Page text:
Part 1 – Frustration
After the deep exhilaration of breathing underwater for the first time, and overcoming the inherent pressures of equalising – pun well intended – my second confined water experience with Seasfire director Andrew Keogh turned out to be a lesson in humility. When I got to Diver’s Den I was enthused but at the back of my mind I was aware something was a little off. The old head felt a little stuffy – sinus issues that tend to flare up in the morning. But it was a stunner of a day, blue skies and tropical rays and I was convinced I could pull off equalizing. Andrew ran me through the necessary surface water skills first, testing my swim endurance levels – all divers are required to be able to swim at least 200 metres, and snorkel 50m wearing full scuba gear. We practiced removing and replacing weight belts at the surface and adjusting cylinders that have slipped out of harness.
He then proceeded to guide me underwater and within seconds I realised I simply could not equalise. We practised the regular procedure that I’d gleaned from the PADI Open Water manual of what to do when a diver can’t equalise. Ascend a little, hold nose and blow through ears gently as you descend slowly … no cigar. The pain in my ears continued and I could not clear them. My disappointment was palpable but Andrew insisted we stop trying because the fundamental rule of good diving is adhering to safe practice: you do not dive if you cannot equalise.
Part 2 – Going Under
Cut to a couple of weeks down the line. The moment we hit the water and started our slow descent I knew I was home free. Equalising was a cinch this time. My ears cleared smoothly and as my knees gently settled on the bottom of the pool.
Confined Water 2 is tricky. You need to remove your mask completely, breathe continuously, replace it, all without panicking. Then, and this is interesting, you need to experience air depletion.This is where your instructor cuts off your air supply completely underwater as you observe your SPG (Submersible Pressure Gauge) so that you can feel what it’s like to have that moment when you are underwater — with no air!
Just imagine it. That has to be every person’s worst fear. No air supply; suffocating to death.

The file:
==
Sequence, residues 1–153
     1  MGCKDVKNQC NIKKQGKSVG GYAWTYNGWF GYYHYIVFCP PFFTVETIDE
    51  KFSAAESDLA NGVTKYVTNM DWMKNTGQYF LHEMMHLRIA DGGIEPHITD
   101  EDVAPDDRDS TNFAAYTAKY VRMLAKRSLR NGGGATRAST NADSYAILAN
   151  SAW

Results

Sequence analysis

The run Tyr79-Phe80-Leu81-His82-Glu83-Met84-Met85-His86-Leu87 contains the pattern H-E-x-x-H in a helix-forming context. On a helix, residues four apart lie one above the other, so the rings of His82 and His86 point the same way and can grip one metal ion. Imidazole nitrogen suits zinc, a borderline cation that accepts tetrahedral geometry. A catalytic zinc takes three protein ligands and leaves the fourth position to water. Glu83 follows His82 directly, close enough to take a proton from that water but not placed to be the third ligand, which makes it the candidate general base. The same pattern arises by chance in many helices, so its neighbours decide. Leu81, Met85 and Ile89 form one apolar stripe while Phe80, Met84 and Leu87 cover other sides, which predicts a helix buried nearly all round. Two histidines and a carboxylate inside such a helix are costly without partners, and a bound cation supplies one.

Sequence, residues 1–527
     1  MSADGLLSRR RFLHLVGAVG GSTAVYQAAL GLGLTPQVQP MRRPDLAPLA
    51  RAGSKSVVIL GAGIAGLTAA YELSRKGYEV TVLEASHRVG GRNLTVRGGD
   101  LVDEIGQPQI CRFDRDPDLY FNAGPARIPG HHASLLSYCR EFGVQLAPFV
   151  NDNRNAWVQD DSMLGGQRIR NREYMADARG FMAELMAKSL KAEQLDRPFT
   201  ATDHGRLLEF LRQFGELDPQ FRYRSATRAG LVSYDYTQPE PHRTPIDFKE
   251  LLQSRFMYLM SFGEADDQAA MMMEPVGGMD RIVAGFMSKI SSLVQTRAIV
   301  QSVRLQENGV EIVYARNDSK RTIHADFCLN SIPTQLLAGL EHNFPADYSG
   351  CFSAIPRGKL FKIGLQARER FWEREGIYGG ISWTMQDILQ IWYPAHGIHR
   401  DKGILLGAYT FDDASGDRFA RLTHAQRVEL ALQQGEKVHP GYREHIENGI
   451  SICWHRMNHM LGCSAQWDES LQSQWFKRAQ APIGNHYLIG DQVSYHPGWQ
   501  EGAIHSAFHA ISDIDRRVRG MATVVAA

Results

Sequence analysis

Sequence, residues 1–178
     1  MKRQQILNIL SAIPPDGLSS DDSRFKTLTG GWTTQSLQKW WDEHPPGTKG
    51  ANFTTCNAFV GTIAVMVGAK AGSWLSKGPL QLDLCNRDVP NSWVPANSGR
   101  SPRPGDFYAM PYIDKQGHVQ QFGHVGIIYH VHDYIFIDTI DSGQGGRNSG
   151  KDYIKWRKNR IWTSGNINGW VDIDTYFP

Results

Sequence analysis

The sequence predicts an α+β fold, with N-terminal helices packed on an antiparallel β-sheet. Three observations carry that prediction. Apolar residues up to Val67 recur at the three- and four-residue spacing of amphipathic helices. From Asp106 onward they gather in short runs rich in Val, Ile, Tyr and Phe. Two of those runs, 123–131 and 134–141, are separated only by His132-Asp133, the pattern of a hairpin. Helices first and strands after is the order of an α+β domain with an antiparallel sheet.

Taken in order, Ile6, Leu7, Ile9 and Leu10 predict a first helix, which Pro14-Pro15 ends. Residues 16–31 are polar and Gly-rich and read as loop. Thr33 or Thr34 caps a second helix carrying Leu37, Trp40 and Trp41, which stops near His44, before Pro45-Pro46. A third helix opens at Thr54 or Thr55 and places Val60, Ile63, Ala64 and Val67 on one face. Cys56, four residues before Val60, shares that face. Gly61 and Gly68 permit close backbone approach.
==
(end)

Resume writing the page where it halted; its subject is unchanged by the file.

In the latter part of Confined Water 3 this is taken to the next level where you actually take the Alternate Air Source attached to your Buddy, signal ok then the both of you clasp arms and slowly ascend at a safe pace to the surface. The practice is important so that you know where your next breath is coming from.
Part 3 -…..aaaaanddd breathe
Speaking of breathing, we focused on breath control during this session. I had already learned that continuous breathing, never holding your breath, is the most fundamental principle of diving, it is literally what keeps you alive — avoiding serious injury or even death due to lung overexpansion or decompression sickness. But there’s more to it than that. Breathing is also what allows you to truly enjoy the diving experience. Through breath control you achieve a fundamental function of good diving: Neutral Buoyancy.
Negative buoyancy is when you are sinking (too much weight) and positive buoyancy is when you are too light (too little weight ) and you float upwards. Neutral buoyancy is when you are literally…. hovering or flying in an ideal position and in which you have total control of your body position. This sounds difficult and it’s hard to get your head around but when you do what it boils down to is you use your own breath to control your body position — provided you are correctly weighted to begin with. Breathe in, you rise, breathe out, you sink slightly. Just breathe, and you’ll fly, baby.
It’s then that it really hit me that diving, is an incredible metaphor for life. Think about it. All you have to do is breathe. You can breathe through any problem. If you focus on slow, deep breaths, all will be well. The most important thing in life is slow, deep measured breathing, and when you can just do that then you can not only survive any problem in life, you can also rise to greater heights.
So far, learning to dive has been incredibly liberating, helping me test my limits and conquer internal fears; claustrophobia, fear of suffocation. There is still a ways to go because the real challenge will come when I hit the open water and there are metres of water above me. The training is meant to help me stay calm and focused and face challenges as they come … much like the experience of Life itself… if you stay calm, breathe deep, practise what you are taught with slow, ninja-like precision and keep the mind on breath as you let muscle memory take over, you’ll most likely work through a rough patch. As long as you’re breathing, it’s all good.